South Barrington's Zein Bertacchi makes falafel
Raised in Jordan, Zein Bertacchi's parents provided "a very social environment," a revolving door philosophy that she embraces with warmth and abundant enthusiasm decades later.
A South Barrington resident who lives in a restored, 1850s farmhouse with her husband, Roy, Zein packs her life to the brim with people-oriented activities.
She is an infection control specialist for Good Shepherd Hospital, Barrington, a real estate agent for Roy's construction firm and a volunteer for Chess Without Borders, an Aurora-based nonprofit that teaches and encourages chess playing and raises money for charities worldwide.
Zein fills up most of the remaining free slots with entertaining.
"Almost every weekend I have something going at my house or somebody else's," says Zein. "We're with people sometimes during the week too if weekends are booked."
Middle Eastern and Italian cooking are Zein's strengths, but her menus depend on her guests, who range from Americans to Indians and fellow Middle Easterners.
"If I know they like a certain dish I will do it for them," she says.
A from-scratch cook, Zein prepares light, simpler meals when she's cooking for Roy and herself. For friends and family, it's a different story.
"When I entertain I do it all the way, but I still keep health in mind," she says. "My nature is to go natural, healthy, organic."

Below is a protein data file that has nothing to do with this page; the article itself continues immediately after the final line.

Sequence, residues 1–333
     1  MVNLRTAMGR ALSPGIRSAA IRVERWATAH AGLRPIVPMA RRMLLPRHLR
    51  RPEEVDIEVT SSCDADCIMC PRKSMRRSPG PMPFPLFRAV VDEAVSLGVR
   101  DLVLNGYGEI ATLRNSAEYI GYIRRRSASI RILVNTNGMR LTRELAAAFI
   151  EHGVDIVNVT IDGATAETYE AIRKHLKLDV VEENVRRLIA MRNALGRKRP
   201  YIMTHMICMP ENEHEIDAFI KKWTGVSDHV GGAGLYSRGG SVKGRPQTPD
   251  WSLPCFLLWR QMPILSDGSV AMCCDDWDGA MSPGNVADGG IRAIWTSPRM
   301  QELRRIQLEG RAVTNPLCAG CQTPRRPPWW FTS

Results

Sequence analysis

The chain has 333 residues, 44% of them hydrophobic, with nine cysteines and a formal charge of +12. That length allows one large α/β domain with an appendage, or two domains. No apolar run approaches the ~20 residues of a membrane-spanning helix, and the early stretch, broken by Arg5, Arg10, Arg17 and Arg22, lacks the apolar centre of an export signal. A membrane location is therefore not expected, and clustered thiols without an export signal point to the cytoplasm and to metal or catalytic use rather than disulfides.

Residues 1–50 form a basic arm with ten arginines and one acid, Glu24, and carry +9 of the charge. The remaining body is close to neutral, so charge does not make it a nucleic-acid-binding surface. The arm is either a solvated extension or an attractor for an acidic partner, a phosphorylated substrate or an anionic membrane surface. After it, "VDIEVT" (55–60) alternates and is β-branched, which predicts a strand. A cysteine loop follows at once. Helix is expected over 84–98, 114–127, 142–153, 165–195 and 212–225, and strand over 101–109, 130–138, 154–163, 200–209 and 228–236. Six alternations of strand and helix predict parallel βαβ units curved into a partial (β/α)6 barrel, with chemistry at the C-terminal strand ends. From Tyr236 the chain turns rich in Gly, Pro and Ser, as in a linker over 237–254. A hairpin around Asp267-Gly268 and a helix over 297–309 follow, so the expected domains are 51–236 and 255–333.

Typically Zein pampers her guests with multiple courses and choices: two salads, two vegetables, two main courses, two starches. She starts early and works hard, but she draws out as much energy as she puts into it.
"Being in the kitchen, putting things together, building them up, is beautiful for me," says Zein, who cherry-picks ideas from the Food Network and cookbooks. "By the time dinner comes I'll be tired from cooking all day, and then my friends arrive and I get another spurt of big energy."
Offering multiple courses gives her the freedom to throw in untested dishes; there's always plenty of food to back up a dish that doesn't taste as good as it looked in the book.
"Here's my cop-out," she laughs, "I just say I've never made this dish before, it's fine if you don't like it."
This week prepare for a sampling of the Middle East with a trio of Zein's most popular dishes.
Her falafel is based on the popular street food from that region, eaten there mainly as a snack, but it can be served as an appetizer or sandwich tucked into pillowy pita bread. Though most American versions of this dish are made strictly with chick peas, Zein adds fava beans like her mother did.
Zein's stuffed zucchini (recipe at dailyherald.com/food) are a little fussy and unusually hearty; she fills the squash with seasoned ground beef and rice and cooks them with tomatoes and lamb chops. Serve them with an appetizer of her baba ghannouj, the popular eggplant dip, for an exotic company meal.
"Give me solid, hard-core cooking, I am there."
- Laura Bianchi